1. You produce a lot of bands too, for instance the recent release of The Smith Street Band was done by you. How was working with the Smithies?

They're the best, they're my favourite. We were good friends before the record and we are good friends now. It was really fun. I'm super thankful for them, I hadn't done much of that stuff for other people on a large scale before they brought me up there to do that. I got to stay in Australia in the woods for about a month. That was fucking cool. They’re just a great band and it seems they keep getting bigger. So fuck yeah.


  1. You’re starting an American tour next with Andrew Jackson Jihad, The Smith Street Band and Chumped. How did this line-up come forth and how excited are you?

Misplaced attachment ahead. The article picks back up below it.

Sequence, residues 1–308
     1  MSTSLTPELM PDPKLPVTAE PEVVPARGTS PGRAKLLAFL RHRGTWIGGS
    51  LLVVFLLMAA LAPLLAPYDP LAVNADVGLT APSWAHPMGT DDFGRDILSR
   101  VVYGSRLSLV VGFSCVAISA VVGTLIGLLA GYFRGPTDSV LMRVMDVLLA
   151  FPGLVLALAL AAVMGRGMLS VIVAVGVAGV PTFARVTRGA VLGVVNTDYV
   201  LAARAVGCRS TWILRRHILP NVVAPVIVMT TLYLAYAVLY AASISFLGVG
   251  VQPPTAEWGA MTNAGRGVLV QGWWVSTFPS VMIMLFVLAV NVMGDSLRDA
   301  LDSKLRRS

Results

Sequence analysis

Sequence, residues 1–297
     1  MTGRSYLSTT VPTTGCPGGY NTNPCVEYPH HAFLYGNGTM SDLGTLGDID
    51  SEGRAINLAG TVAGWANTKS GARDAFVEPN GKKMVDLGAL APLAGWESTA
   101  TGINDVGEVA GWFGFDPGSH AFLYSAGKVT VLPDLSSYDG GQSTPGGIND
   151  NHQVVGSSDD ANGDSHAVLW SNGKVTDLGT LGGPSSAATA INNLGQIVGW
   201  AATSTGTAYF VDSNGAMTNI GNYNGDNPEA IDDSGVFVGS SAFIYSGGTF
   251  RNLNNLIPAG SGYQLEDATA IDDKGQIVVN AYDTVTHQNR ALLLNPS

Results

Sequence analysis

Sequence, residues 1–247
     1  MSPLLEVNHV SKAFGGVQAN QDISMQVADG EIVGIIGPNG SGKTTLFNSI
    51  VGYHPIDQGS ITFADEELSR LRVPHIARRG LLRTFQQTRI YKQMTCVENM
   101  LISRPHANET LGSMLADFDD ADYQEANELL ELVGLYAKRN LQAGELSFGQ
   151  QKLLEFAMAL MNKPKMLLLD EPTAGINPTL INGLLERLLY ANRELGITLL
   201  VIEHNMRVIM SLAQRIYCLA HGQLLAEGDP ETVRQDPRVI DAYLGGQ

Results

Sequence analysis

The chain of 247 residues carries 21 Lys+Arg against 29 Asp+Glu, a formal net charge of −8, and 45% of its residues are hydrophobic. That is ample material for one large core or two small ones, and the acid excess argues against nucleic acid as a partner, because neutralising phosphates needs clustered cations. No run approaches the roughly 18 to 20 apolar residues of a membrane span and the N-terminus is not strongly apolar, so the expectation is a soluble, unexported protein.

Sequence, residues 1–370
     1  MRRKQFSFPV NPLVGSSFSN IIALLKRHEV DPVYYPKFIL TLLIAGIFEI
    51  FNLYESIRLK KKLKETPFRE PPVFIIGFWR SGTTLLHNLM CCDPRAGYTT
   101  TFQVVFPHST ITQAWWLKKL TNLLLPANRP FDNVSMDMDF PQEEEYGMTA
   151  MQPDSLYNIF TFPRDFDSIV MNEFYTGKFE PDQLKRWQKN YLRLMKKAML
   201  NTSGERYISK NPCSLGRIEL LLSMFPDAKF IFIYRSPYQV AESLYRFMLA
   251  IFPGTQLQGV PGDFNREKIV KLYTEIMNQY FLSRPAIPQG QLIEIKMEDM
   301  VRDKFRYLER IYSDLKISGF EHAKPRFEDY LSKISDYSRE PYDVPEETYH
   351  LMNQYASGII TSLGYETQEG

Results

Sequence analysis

I'm really excited. Firstly, it's like the first tour I'm doing since like 2012, if you don't count going to Australia. It's been a really long time. It's really good to get back into it with three bands that are like really close friends. Andrew Jackson Jihad, we've been friends for like ten years now, we're just superhuge buddies. Chumped lives in Brooklyn and The Smith Street Band obviously, I'm pretty close with them after and even before the record. It's going to be a real fun time. I'm hoping to get to Europe somewhere by the end of the year. I'm psyched to come to Europe.


  1. With Quote Unquote Records you have your own unique record label, a donation-based label. You give what you want for the music. Any plans in that department?